Divorce and the “Blame Game” – the end is in sight at last!

Like all specialist family lawyers, the team at Manders Law has been following recent developments closely. On 8 June 2021 ministers announced that legislation which will allow married couples to divorce without assigning blame (known as a ‘no fault’ divorce) will now come into force on 6 April 2022. It had previously been anticipated that the legislation would come into force in Autumn 2021.

Currently, unless couples have been separated for at least two years, or unless a spouse can evidence desertion, a party petitioning for divorce can proceed without delay only by assigning blame to their spouse, and therefore basing their divorce petition on either their spouse’s unreasonable behaviour, or adultery.

There is no doubt that reform is long overdue and much needed. The legal landscape in which couples seek to resolve private family issues and the legal terminology which is used as part of that process really matters. That is why in 2014 the terminology of “child arrangements orders” was introduced to replace “residence” and “contact orders”, and why 20 years previously residence and contact orders replaced “custody” and “access” orders. Where the language used implies possession, control, and a greater right of one party over another, or over children it has no place in family law proceedings.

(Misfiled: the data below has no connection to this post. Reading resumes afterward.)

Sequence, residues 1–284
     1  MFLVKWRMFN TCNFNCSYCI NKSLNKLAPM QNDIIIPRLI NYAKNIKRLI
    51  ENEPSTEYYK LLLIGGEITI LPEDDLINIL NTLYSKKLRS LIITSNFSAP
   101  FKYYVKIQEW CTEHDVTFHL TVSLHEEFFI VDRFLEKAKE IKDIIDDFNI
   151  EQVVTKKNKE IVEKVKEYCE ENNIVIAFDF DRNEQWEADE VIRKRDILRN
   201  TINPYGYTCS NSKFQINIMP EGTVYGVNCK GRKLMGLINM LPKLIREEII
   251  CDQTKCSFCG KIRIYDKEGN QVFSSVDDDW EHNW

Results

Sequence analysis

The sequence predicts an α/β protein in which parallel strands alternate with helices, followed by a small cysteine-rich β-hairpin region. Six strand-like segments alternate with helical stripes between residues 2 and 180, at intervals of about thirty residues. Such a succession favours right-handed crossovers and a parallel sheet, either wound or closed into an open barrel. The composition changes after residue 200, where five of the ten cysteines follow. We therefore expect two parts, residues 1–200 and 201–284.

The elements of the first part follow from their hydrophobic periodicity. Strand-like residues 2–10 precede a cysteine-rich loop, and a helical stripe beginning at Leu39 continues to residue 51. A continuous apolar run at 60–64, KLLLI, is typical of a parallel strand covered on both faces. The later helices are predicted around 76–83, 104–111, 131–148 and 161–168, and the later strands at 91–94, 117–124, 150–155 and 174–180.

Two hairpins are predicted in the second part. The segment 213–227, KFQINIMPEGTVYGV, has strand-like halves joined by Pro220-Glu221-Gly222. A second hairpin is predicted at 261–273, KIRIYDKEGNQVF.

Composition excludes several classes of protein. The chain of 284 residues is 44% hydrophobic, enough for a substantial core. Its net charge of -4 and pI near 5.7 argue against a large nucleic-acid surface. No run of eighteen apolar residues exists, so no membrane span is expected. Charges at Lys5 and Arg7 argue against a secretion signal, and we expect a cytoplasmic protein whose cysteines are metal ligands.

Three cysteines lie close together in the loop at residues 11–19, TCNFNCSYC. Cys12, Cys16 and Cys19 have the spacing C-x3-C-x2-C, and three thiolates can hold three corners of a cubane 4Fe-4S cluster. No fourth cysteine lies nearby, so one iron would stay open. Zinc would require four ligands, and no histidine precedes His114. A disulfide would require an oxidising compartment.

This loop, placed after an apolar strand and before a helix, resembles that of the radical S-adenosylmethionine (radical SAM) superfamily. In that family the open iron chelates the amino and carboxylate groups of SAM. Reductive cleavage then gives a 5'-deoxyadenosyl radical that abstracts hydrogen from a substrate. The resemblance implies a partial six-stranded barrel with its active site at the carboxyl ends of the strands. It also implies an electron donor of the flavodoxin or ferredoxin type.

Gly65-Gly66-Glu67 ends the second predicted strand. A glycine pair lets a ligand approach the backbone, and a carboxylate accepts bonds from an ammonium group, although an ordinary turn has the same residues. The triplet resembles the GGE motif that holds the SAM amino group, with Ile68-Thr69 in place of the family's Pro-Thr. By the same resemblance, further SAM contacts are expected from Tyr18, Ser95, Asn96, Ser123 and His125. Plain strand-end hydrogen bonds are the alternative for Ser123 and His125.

While reform which enables couples to commence divorce proceedings jointly and/or in a neutral way will no doubt help to take the sting out of the litigation process, and to ensure that matters start off on the right foot, a change in the law will not guarantee an amicable divorce and is not required in order to achieve an amicable divorce – that is in the gift of the individual parties, who can and should be assisted by their advisors to achieve this – but it will certainly help in many cases.

 It is noteworthy that there is ‘no fault’ assigned in financial remedy proceedings connected to divorce. Only in very rare cases is it appropriate, necessary, or proportionate (from a costs perspective) to pursue a fault-based argument (which is either litigation conduct or financial conduct). Yet the emotions underpinning the assignment of fault and blame very frequently influence both negotiations and parties’ attitude and approach within contested litigation. That is a different issue and those stuck in or on the receiving end of this destructive cycle are referred to our recent article on this very subject.

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